REHMDo they understand what you mean by the term democracy?
MOUNKSo I think they know what we mean by the term democracy. They may not know what the alternatives to it are. People feel very differently about the world when they've lived through Communism or fascism or when they or their parents have fought against Communism and fascism. You know, a lot of younger people don't have experience with those regime forms and so they take what's good about our system for granted and they only focus on the negative sides and the injustices. And there are real injustices in our society, without a doubt.
MOUNKAnd so they become very open rebelling against it. One of the things that worries me, you know, Moises was talking about Venezuela. Well, you know, for a long time, political scientists thought that democracy in Venezuela was relatively well established, quite consolidated. In the early 1990s, they thought that Venezuela was one of the best cases in Latin America. And when you go back to that time, a similar number of people were saying, it's not important to me to live in a democracy. A lot of people in Venezuela were saying, you know what, I'm open to an authoritarian alternative just like we are today in the United States, where a number of people who are open to army rule has gone up from 1 in 16, 20 years ago, to 1 in 6 today.
MOUNKSo Venezuela, to me, is one of the cases -- but it's very different from the United States in many ways, that chose that when people turn against democracy, in a way they now seem to be turning to some degree against democracy in the United States, what happens 10, 15, 20 years down the line can be really bad and the political situation in Venezuela today is really bad.
REHMAlina, do you see the same thing happening here?
POLYAKOVAWell, I just -- Yascha brought up the youth. And just to stay with that for just one second. It's interesting to also see that in Europe, for example, young people are still much more pro-European than older generations. But at the same time, they are turning towards these populist parties in much greater proportions than they were, you know, 10, 15 years ago. And I think this is a really worrying trend of polarization that we're seeing across the EU and we're seeing this in the United States as well.
REHMAlina Polyakova, she's deputy director of the Eurasia Center at The Atlantic Council. She's the author of "The Dark Side of European Integration." Short break here. We'll be right back.
REHMWelcome back. We're talking about worrisome trends around the world that could indicate the weakening of democracies in previously liberal countries that we have known and relied on, and that includes the United States. Three people are with me. By phone and Skype from Miami is Moises Naim, he's at the Carnegie Endowment for International Peace and chief international columnist for El Pais. He's the author of "The End of Power: From Boardrooms to Battlefields and Churches to States, Why Being in Charge Is Not What It Used to Be." Alina Polyakova is with The Atlantic Council, and Yascha Mounk is lecturer on government at Harvard University. He's the author of the book "Stranger in My Own Country."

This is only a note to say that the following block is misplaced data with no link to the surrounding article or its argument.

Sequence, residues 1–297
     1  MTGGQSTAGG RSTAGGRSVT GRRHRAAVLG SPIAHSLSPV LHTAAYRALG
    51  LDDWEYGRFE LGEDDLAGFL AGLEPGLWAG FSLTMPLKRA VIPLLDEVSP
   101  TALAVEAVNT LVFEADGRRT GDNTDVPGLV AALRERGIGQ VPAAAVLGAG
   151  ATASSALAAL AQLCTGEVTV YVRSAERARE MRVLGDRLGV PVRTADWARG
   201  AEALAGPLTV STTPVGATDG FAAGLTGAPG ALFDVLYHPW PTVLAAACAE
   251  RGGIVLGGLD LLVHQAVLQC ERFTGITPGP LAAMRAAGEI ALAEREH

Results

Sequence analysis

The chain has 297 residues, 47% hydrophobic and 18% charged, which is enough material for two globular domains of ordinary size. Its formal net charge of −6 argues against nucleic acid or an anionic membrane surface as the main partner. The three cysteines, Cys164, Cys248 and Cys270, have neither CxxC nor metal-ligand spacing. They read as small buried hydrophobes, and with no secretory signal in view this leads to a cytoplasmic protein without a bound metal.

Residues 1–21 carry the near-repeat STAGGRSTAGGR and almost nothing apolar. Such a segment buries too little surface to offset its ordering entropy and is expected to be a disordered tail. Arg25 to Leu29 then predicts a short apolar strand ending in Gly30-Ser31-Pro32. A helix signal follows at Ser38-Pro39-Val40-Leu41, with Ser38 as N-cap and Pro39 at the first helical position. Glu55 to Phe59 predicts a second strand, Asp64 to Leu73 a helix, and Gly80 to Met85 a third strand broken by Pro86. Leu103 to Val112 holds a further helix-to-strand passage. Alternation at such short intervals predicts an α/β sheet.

REHMJust before the break, Alina, you were talking about the young people, the young people around the world and what it is they think they want in terms of perhaps preferring, to a certain extent, military dictatorship to liberal democracy.
POLYAKOVARight, you know, going from what Yascha had said earlier about young people turning toward military rule, I think on the one hand these young people, you know, millennials as we call them, have had a profoundly different life experience than their parents and certainly their grandparents. They have never had to live through war on their own land, like World War II for example, and they never really experienced what it means to live in authoritarian regimes.
POLYAKOVAAnd they in many ways now take for granted that many of the benefits that they receive from the European Union, you know, travel across borders, the ability to work wherever they want, et cetera, are going to be there forever. They're very much taken for granted. And I think the one important thing that I like to highlight is that there's a huge educational gap in how people view democracy versus authoritarianism.